JJ’s Delicasies, at 21 West Front Street, features a swirling logo on the sidewalk out front, thanks to a projector. (Photo by John T. Ward. Click to enlarge.)
By JOHN T. WARD
In this edition of redbankgreen‘s Retail Churn, one of Red Bank’s hot vegan restaurants is building a separate takeout place, while a 24-hour gym, a barber shop and a cryotherapy spa all have plans to set up shop downtown.
Meantime, two businesses — a restaurant and a women’s clothing shop — have opened in recent days.
Birravino’s proposal for a 1,500-square-foot beer garden, as shown to the left of the existing restaurant in renderings below. (Photo by John T. Ward. Renderings by Michael James Monroe. Click to enlarge)
By JOHN T. WARD
Two Red Bank restaurants won approvals for expansion plans Monday night.
• The borough planning board gave unanimous a OK to Good Karma Café, the only vegan restaurant downtown, to triple in size by leasing vacant retail space next door. More →
Seasonal treats from Red Bank include pumpkin-filled cannolis from Sempre Cannoli, above, and pumpkin truffles from Chocolate Works, below. (Photos by Susan Ericson. Click to enlarge)
By SUSAN ERICSON
Whether you’re hosting a Thanksgiving dinner or you’ve been invited to a feast, making everyone happy can be tricky.
Were you asked to bring a side dish or dessert? Do you need a hostess gift? PieHole has you covered with a cornucopia of sweet treats and savory sides available in the pumpkin-tinged town of Red Bank. More →
Good Karma Cafe’s Gail Doherty walks PieHole through a recipe that will transport you and your tastebuds to the south of France. (Photo by Jim Willis. Click to enlarge)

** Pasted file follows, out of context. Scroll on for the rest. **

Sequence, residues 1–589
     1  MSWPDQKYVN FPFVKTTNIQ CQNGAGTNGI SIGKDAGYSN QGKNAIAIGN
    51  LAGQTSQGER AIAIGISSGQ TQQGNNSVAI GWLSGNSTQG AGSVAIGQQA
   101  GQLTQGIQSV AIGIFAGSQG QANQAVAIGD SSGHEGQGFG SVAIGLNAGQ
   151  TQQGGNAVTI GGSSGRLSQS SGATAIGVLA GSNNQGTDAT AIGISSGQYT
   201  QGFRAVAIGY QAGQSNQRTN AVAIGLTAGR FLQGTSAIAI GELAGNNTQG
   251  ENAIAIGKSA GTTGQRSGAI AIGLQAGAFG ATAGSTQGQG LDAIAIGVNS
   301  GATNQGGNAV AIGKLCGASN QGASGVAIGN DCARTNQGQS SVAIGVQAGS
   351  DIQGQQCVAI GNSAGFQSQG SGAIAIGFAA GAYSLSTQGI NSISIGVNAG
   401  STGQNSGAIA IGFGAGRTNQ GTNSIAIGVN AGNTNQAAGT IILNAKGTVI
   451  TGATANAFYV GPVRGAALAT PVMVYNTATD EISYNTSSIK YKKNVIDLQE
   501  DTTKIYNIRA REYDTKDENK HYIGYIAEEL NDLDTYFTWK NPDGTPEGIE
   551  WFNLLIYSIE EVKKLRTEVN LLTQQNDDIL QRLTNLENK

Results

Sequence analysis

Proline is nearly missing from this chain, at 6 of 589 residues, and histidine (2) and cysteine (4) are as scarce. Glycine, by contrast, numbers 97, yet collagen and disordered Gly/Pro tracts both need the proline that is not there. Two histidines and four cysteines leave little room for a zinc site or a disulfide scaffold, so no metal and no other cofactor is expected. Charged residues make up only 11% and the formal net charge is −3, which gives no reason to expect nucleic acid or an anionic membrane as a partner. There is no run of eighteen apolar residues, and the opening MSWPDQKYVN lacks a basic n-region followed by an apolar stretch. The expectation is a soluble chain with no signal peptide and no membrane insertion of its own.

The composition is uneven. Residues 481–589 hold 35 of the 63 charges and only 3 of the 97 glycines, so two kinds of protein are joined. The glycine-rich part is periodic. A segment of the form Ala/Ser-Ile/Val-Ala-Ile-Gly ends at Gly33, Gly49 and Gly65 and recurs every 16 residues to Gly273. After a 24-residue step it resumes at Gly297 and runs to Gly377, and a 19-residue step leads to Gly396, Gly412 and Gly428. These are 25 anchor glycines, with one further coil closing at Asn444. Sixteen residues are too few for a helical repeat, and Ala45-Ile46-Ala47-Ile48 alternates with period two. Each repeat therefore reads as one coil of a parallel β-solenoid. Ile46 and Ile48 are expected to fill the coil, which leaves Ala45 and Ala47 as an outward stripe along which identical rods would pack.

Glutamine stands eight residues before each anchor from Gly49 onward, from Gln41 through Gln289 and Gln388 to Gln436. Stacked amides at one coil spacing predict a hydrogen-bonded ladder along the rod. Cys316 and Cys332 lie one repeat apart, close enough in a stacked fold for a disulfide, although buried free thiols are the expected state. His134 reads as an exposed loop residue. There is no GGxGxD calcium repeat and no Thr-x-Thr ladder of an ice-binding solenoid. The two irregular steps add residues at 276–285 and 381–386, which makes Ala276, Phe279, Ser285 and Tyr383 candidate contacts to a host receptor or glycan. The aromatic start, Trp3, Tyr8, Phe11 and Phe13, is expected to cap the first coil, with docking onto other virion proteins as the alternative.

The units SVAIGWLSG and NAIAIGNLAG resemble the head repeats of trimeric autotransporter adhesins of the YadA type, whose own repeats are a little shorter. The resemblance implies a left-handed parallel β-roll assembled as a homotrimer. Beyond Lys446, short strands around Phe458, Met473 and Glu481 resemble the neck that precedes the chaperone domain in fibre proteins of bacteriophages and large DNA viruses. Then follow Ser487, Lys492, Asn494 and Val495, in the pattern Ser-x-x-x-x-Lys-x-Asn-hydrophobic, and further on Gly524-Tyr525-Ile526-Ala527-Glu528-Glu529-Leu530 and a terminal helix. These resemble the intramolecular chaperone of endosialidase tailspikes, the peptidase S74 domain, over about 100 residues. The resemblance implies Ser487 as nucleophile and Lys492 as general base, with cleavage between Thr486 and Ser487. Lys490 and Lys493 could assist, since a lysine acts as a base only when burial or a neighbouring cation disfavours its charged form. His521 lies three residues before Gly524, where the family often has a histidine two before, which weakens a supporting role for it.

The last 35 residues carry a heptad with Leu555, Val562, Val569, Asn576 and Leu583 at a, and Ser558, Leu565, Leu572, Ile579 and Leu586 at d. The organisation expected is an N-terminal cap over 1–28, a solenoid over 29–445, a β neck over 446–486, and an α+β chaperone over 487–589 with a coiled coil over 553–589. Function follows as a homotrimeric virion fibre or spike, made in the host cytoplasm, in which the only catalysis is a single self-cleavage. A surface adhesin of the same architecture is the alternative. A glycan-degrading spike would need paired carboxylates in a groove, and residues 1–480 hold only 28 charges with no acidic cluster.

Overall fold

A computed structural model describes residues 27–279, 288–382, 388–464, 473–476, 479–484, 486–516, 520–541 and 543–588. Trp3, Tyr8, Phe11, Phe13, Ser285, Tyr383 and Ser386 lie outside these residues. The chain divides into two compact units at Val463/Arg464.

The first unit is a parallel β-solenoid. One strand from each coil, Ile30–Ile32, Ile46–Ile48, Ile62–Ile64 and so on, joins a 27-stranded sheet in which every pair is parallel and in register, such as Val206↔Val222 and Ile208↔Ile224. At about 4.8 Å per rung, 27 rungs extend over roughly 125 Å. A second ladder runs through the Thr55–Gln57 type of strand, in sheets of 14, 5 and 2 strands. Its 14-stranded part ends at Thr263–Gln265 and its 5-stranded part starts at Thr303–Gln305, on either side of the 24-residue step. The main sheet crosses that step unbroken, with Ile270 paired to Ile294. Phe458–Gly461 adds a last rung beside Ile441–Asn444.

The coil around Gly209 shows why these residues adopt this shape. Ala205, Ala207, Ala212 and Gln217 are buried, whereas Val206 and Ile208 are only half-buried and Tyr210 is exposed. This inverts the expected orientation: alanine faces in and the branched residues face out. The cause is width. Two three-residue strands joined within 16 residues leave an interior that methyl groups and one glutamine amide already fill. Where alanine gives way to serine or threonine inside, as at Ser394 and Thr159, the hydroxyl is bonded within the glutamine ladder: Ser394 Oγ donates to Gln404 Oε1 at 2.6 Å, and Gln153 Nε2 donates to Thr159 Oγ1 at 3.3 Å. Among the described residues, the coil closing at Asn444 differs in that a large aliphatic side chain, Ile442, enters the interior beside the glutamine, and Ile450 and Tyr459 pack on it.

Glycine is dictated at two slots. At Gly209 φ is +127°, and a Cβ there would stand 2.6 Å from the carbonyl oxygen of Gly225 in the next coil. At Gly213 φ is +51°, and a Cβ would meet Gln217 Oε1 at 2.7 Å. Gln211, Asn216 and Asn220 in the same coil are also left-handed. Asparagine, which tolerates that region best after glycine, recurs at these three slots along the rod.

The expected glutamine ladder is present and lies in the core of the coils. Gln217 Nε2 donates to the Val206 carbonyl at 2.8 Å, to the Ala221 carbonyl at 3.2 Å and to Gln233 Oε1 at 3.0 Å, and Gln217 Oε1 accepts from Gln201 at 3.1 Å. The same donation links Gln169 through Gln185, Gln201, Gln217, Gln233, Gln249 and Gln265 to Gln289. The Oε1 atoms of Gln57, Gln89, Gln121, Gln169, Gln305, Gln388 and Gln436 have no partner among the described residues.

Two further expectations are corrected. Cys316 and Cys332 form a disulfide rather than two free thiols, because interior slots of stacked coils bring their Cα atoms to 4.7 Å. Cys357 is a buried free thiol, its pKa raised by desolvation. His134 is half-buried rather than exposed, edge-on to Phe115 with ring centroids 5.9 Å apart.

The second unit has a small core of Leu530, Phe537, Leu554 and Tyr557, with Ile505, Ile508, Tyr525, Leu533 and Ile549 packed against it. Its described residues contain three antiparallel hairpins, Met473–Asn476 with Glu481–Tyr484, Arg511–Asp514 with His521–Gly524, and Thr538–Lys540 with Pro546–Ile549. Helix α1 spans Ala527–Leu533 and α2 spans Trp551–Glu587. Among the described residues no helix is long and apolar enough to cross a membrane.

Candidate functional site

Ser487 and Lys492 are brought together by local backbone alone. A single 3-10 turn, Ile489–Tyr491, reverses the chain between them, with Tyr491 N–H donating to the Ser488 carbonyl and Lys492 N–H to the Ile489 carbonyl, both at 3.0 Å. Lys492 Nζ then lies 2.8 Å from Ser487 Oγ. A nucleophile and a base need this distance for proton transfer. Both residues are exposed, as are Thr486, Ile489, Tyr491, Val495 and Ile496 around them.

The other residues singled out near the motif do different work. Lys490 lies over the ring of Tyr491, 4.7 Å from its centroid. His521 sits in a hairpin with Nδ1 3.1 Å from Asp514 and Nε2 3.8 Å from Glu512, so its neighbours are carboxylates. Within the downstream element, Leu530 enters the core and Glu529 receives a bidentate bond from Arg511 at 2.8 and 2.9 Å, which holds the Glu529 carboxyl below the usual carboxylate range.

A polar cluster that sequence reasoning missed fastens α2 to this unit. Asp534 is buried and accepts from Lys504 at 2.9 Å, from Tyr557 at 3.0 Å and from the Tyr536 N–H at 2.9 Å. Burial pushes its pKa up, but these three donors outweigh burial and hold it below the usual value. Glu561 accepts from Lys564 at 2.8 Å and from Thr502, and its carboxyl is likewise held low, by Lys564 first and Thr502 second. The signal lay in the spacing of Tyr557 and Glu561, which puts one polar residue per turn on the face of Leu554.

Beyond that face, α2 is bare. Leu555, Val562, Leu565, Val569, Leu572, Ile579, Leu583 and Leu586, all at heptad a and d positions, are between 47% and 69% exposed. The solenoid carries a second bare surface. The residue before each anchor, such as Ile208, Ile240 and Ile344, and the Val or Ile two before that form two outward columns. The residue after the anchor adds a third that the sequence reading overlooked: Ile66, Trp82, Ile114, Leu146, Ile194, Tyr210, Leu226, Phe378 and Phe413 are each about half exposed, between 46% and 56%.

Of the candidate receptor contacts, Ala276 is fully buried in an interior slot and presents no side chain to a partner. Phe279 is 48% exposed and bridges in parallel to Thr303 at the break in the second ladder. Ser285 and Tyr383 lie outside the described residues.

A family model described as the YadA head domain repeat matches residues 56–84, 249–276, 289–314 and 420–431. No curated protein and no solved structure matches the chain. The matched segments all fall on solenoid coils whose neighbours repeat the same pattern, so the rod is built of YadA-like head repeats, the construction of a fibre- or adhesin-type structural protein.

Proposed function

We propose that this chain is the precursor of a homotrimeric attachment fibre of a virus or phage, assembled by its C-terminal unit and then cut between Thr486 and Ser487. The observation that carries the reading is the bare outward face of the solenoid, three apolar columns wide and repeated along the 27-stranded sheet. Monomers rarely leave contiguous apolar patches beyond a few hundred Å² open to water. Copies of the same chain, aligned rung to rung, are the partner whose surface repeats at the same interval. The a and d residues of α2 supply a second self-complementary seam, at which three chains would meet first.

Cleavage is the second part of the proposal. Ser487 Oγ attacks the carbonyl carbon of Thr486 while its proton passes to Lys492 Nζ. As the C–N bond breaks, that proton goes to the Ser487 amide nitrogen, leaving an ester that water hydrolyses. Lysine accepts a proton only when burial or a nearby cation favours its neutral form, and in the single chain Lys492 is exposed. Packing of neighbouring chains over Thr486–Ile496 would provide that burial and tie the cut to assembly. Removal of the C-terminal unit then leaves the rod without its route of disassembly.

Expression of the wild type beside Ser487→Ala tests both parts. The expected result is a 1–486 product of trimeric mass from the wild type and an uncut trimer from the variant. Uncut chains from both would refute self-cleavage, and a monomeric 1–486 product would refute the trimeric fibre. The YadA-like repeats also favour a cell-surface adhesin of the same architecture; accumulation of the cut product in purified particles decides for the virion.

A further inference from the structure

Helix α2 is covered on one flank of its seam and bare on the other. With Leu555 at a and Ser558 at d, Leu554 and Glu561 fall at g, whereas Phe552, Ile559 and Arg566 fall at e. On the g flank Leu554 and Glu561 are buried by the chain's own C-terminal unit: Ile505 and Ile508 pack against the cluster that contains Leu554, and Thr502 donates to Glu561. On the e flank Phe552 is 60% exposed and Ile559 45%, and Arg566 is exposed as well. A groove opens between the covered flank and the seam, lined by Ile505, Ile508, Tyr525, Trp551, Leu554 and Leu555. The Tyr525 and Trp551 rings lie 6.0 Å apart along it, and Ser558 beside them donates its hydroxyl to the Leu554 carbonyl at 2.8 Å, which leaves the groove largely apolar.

By JIM WILLIS
Red Bank’s vegan stronghold, Good Karma Café, ran a dinner special recently that caught PieHole’s eye.
A post on Facebook read: Chickpea Socca, layers of golden chickpea crepes filled with a garlic white bean puree and sautéed dark greens. Topped with caramelized leeks and a zesty marinara sauce.
Socca, for the uninitiated, is a crispy pancake made from a chickpea batter. A common street food hailing from southern France, it’s humble and incredibly easy to make.
In Italy it’s called farinita or cecina. In India you’ll find pudla. Each culture has its own unique spin, and PieHole has tried a lot of them. But never before had we seen it presented in layers, like a lasagna. So we hopped over to East Front Street to sit down with Good Karma owner/chef Gail Doherty to learn a bit more about her unique spin on this dish.
Tote you veggies home from the Farmers’ Market in this cotton bag. (Photo by Jim Willis. Click to enlarge)
PieHoleknows that local foraging is the best foraging. For the food lovers on your gift list we have assembled PieHole’s First Annual Shop Local Holiday Food & Drink Gift Guide. This is the 8th in the series.
Here’s a little something for the eaters on your list who want to show their support for Red Bank’s vegan mecca, Good Karma Café, on East Front Street.
These all-cotton tote bags (which have a pair of long handles not visible in the photo) go for $6, and could be handy when carrying home your Farmer’s Market finds.
The trailer for ‘Forks Over Knives,’ which will get two screenings in Red Bank Thursday night.
By DUSTIN RACIOPPI
While Adam Sobel waits to learn if he’ll be permitted to operate his four-wheeled business in Red Bank on a regular basis, he’ll have his Cinammon Snail mobile food truck downtown for at least a couple of hours Thursday night for a down-to-earth dinner and a movie.
Along with vegan-friendly comrades Patti Siciliano of Funk & Standard, Gail Doherty and Tiffany Betts of Good Karma Café and others, Sobel is taking part in an evening focused on the health benefits of eating the un-American way: organically.
The night revolves around the indie documentary Forks Over Knives, which features T. Colin Campbell, a nutrition researcher at Cornell University who believes degenerative diseases can be prevented, and in some cases reversed, by adopting a “whole foods, plant-based diet.”
Or, as Siciliano, a converted vegan who recently opened an organic juice bar in her Broad Street business, says, “just don’t eat garbage.”